Crunch wakes US to CDS e-trading
Put off by past experience, but the consensus is that its time has come.
"The European market has been the beneficiary of its ability to match buyers and sellers, and to print tickets automatically. When markets are volatile, having certainty of execution is invaluable"
The level of operating efficiency attainable through electronic trading has proved invaluable to dealers. In Europe, this can be seen keenly in the credit default swap market. Creditex, which along with GFI and Icap holds a 90% share of the European inter-dealer market, executed more than $2.5 trillion in notional value of CDS transactions last year alone. Electronic trading now accounts for more than 45% of inter-dealer transactions in Europe. "There has been a lot of progress in Europe," says Mazy Dar, chief strategy officer at Creditex. "Since early 2004, electronic CDS trading has been growing consistently."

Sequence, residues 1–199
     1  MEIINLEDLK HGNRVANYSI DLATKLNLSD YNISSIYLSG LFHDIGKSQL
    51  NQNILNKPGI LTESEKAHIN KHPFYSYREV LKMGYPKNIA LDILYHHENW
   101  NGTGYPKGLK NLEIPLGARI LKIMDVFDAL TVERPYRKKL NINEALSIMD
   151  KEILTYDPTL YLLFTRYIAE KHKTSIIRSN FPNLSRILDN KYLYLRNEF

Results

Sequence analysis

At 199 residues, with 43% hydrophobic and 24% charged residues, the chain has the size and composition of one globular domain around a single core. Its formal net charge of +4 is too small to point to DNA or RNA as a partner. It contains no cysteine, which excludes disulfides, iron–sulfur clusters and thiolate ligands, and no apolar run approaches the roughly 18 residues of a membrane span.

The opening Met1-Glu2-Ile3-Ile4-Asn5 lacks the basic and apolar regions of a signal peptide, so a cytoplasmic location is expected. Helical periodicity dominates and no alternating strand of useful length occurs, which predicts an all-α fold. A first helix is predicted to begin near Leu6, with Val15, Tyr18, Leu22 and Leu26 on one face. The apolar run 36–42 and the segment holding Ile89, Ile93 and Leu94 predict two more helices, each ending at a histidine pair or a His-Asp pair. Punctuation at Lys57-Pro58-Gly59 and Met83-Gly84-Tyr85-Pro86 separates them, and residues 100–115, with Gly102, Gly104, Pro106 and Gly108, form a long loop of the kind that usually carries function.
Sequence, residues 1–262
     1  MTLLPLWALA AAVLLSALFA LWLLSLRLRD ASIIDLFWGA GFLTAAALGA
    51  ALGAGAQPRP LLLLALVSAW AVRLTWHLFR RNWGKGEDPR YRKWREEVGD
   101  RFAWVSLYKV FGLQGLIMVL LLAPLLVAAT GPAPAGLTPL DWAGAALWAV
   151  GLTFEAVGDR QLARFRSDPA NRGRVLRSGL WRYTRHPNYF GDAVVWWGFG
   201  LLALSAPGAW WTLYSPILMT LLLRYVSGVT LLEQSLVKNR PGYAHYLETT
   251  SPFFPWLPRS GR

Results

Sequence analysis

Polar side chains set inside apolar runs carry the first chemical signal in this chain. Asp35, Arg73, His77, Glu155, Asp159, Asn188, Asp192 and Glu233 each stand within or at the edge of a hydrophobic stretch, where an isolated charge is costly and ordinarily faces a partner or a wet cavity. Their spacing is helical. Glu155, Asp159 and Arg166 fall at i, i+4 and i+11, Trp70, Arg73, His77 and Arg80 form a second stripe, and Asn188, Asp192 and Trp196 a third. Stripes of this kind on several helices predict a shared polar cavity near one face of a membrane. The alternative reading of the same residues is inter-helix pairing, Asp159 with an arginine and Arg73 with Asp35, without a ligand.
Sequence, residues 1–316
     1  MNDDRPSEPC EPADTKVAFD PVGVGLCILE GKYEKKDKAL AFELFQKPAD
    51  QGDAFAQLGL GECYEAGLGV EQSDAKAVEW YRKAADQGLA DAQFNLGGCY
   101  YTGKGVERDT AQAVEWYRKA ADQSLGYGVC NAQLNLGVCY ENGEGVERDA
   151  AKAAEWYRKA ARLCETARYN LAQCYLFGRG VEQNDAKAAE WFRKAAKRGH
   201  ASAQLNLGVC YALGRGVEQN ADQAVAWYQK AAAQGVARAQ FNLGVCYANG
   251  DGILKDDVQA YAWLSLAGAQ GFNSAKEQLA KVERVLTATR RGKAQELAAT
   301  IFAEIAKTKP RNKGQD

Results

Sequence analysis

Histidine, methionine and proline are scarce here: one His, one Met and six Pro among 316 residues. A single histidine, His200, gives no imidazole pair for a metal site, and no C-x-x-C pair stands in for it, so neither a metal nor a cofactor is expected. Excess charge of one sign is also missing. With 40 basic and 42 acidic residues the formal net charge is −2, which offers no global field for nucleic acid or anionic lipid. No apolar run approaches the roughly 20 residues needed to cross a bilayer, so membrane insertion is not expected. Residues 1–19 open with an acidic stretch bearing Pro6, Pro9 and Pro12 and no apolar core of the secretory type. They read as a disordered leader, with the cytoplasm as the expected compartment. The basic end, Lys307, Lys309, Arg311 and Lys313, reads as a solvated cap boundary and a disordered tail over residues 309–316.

Surprisingly, though, the US has not followed Europe in this. Electronic derivatives trading was launched in the US three years ago but, against expectations born of experience in the European market, it was not widely embraced.
Certainty is invaluable
Inter-dealer brokers have had a Europe-first approach to electronic derivatives trading.